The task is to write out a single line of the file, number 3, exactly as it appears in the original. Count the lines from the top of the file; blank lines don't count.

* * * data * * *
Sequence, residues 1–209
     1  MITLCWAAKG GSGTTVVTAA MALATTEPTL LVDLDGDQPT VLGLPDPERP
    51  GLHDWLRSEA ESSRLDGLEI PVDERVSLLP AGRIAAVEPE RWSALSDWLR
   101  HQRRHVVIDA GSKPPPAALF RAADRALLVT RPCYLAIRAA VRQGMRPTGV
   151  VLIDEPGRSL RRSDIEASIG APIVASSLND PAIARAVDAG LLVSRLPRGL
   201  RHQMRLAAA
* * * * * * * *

    51  GLHDWLRSEA ESSRLDGLEI PVDERVSLLP AGRIAAVEPE RWSALSDWLR